Talk:Chester v. Miller (full text)

From Bill Goodwine's Wiki
Revision as of 21:21, 24 January 2010 by Maura (talk | contribs) (Created page with ' == Maura == The EIC decided that the '280 patent, a parent of Chester's '122 CIP application, was section 102(b) prior art with respect to the CIP claims 1-16, 29, and 30. The …')
(diff) ← Older revision | Latest revision (diff) | Newer revision → (diff)
Jump to navigationJump to search

Maura

The EIC decided that the '280 patent, a parent of Chester's '122 CIP application, was section 102(b) prior art with respect to the CIP claims 1-16, 29, and 30. The EIC so decided because he found the '280 patent was a "printed publication" in existence more than one year before the '122 application's filing date. He also concluded that the '280 patent did not support the subject matter claimed inthe '122 application. See 35 U.S.C. Secs. 102(b) & 120 (1988); In re Gosteli, 872 F.2d 1008, 1010-11, 10 USPQ2d 1614, 1616 (Fed.Cir.1989). The EIC thus rejected claims 1-16, 29, and 30 as unpatentable under section 102(b) over the '280 reference.

In the instant case, the EIC simply found that the '280 reference (parent) did not support the '122 application claims because as to them it failed to meet the written description requirement.3 12

One of our predecessor courts, the Court of Customs and Patent Appeals (CCPA), however, made clear that differences exist between the requirements for claim-anticipating disclosures and for claim- supporting disclosures. In re Lukach, 442 F.2d at 969-70, 169 USPQ at 796-97. The CCPA noted in Lukach that although a patent might contain a disclosure satisfying the written description requirement with respect to the claims in that patent, it could still be section 102(b) prior art as to broader claims of a subsequent application although not containing a disclosure satisfying the section 112 description requirement with respect to the anticipated broader claims. See id. at 969-70, 169 USPQ at 797. This apparent anomaly is most likely to occur when the prior art reference discloses a species of a genus sought to be claimed. See, e.g., id. That is exactly what happened in the instant case, and accordingly we see no impermissible anomaly or logical inconsistency in the EIC's rejection. 13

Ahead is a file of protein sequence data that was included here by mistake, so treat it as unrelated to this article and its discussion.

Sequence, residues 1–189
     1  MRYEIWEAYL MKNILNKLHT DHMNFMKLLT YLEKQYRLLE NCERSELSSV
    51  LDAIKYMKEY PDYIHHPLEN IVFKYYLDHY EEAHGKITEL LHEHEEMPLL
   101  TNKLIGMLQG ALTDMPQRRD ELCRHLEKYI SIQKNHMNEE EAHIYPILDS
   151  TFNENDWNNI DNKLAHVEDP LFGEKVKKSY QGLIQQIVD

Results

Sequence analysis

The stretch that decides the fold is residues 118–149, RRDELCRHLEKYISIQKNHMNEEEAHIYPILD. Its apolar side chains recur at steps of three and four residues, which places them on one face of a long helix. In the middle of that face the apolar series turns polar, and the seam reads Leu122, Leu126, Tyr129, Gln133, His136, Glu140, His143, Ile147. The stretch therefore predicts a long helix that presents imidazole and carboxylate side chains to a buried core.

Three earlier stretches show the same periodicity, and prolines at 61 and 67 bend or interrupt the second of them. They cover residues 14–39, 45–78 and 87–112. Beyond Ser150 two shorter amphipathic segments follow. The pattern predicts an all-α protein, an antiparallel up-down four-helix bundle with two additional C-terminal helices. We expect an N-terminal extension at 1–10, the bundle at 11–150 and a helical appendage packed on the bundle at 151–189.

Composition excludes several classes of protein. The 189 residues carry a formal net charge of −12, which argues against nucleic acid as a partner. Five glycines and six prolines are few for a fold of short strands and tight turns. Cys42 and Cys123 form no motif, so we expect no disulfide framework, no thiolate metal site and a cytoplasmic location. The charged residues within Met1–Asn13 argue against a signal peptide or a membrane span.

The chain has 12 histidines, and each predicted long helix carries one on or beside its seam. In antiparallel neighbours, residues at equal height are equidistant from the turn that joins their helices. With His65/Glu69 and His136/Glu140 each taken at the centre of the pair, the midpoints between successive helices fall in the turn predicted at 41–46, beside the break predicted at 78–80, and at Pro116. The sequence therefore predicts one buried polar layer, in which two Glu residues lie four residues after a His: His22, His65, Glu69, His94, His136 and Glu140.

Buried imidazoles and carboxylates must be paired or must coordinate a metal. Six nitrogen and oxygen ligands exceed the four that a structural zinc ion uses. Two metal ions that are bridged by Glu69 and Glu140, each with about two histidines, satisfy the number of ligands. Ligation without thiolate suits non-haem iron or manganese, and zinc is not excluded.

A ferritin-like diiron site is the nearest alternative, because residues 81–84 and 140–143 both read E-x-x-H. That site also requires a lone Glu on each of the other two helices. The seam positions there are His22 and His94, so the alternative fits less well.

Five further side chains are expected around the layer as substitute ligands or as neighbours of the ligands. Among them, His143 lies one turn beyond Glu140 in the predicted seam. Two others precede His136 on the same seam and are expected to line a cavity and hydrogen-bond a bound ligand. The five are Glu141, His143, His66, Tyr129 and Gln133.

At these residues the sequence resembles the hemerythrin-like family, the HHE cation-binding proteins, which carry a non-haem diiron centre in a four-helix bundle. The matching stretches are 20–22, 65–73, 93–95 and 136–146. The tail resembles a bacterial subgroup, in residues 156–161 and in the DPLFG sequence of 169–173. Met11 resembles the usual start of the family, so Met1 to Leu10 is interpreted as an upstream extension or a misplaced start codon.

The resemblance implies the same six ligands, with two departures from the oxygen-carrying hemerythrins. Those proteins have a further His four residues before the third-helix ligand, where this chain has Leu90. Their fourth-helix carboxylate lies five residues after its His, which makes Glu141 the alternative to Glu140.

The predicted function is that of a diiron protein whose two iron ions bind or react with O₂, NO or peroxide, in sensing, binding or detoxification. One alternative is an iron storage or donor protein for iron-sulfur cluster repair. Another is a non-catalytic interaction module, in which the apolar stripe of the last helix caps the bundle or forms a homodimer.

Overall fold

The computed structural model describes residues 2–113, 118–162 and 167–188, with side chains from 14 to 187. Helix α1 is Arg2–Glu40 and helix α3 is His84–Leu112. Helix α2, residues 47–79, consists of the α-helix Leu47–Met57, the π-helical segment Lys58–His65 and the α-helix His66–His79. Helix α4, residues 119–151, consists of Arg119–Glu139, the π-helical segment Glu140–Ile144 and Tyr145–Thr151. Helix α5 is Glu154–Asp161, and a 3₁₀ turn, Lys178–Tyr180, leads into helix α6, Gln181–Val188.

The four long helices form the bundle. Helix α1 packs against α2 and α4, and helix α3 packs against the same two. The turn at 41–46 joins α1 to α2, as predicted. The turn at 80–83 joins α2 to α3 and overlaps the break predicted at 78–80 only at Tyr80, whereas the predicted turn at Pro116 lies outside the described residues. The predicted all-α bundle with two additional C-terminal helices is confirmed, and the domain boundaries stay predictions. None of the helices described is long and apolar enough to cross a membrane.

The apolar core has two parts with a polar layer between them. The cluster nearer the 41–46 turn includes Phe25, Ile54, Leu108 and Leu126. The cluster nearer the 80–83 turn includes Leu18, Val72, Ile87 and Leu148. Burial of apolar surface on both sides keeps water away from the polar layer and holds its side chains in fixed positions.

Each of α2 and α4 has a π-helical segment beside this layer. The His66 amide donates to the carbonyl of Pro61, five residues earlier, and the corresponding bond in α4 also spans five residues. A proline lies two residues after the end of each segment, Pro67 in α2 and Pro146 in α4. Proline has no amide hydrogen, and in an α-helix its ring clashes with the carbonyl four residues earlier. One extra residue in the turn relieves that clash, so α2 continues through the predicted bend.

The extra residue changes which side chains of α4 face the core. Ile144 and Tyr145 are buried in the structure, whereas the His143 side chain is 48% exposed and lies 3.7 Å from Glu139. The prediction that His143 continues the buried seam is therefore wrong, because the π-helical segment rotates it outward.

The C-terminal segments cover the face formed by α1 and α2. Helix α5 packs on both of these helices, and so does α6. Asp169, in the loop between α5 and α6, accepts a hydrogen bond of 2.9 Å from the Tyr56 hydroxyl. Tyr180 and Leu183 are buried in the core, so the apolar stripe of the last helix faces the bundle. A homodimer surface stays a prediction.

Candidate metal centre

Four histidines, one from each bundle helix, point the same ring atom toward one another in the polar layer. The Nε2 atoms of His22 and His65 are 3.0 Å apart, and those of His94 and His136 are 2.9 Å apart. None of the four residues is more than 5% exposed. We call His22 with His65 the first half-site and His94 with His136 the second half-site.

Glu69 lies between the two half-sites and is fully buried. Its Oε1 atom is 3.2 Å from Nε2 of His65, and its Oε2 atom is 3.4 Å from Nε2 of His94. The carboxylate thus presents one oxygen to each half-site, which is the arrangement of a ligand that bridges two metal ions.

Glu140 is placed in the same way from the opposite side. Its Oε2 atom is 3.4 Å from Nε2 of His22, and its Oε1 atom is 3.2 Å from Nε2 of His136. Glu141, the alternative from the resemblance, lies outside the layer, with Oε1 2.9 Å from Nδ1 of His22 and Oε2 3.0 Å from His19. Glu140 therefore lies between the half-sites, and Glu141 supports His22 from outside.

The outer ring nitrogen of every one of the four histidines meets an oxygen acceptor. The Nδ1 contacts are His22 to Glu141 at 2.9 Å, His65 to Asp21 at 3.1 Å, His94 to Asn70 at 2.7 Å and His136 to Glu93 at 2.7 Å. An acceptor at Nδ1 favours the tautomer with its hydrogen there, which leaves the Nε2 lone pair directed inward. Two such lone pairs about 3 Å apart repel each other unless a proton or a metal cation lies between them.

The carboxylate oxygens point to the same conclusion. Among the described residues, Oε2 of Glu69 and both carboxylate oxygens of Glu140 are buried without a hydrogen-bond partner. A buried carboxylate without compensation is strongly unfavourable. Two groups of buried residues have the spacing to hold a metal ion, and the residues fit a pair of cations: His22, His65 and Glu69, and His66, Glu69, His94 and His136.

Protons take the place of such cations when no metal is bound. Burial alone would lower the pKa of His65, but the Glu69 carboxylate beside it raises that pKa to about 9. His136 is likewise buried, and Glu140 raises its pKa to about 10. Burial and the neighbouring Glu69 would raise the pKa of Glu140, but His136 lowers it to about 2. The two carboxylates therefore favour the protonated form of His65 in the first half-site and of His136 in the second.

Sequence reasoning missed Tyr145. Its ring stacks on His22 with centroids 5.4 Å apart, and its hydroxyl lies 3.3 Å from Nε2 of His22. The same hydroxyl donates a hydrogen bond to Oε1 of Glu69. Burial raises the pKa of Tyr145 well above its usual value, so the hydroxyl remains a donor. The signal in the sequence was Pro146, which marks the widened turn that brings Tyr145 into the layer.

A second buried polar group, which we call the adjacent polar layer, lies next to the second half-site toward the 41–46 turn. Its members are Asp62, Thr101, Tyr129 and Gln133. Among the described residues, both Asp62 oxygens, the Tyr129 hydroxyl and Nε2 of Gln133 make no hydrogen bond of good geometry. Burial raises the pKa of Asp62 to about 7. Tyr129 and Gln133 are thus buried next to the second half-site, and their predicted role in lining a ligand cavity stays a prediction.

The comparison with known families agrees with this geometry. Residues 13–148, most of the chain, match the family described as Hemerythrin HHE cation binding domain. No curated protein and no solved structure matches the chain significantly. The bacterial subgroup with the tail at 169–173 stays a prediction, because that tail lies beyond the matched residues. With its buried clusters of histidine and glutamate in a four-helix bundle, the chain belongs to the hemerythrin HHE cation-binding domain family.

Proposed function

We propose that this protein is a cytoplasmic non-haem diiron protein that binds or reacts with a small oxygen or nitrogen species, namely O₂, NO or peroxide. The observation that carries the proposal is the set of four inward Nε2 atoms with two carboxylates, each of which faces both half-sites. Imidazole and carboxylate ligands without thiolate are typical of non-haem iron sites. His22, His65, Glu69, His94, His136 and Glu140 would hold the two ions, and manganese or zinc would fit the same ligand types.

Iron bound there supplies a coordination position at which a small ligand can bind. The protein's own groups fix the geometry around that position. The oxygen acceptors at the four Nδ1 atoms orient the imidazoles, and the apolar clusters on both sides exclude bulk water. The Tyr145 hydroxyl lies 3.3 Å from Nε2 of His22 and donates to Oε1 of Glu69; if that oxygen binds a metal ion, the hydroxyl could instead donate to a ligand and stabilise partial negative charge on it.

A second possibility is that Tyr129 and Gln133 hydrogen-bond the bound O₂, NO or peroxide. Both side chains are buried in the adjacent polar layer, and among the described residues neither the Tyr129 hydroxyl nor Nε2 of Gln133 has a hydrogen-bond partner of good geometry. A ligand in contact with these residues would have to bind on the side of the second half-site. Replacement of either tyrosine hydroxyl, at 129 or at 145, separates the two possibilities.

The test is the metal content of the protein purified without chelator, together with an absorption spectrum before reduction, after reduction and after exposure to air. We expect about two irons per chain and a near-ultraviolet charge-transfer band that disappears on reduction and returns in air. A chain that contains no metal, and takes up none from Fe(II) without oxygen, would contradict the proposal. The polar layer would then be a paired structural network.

Chester thus appears to make a procedural argument citing 35 U.S.C. Sec. 132 (1988) which he noted requires rejections to include a statement of the "reasons."5 We are unpersuaded that section 132 supports the proposition suggested by Chester--that the PTO is required to state specifically that a prior art reference describes and enables claims rejected as anticipated. That section does not mandate that in order to establish prima facie anticipation, the PTO must explicitly preempt every possible response to a section 102 rejection. Section 132 merely ensures that an applicant "at least be informed of the broad statutory basis for [the rejection of] his claims, so that he may determine what the issues are on which he can or should produce evidence."

We do agree with Chester that the interference rules permit further consideration of the patentability of Miller's claims after denial of Chester's motion for judgment, but only if proper procedures are followed. Here, Chester failed to initiate the proper procedures. Accordingly, we also hold the Board's refusal to consider his untimely motion for reconsideration was correct.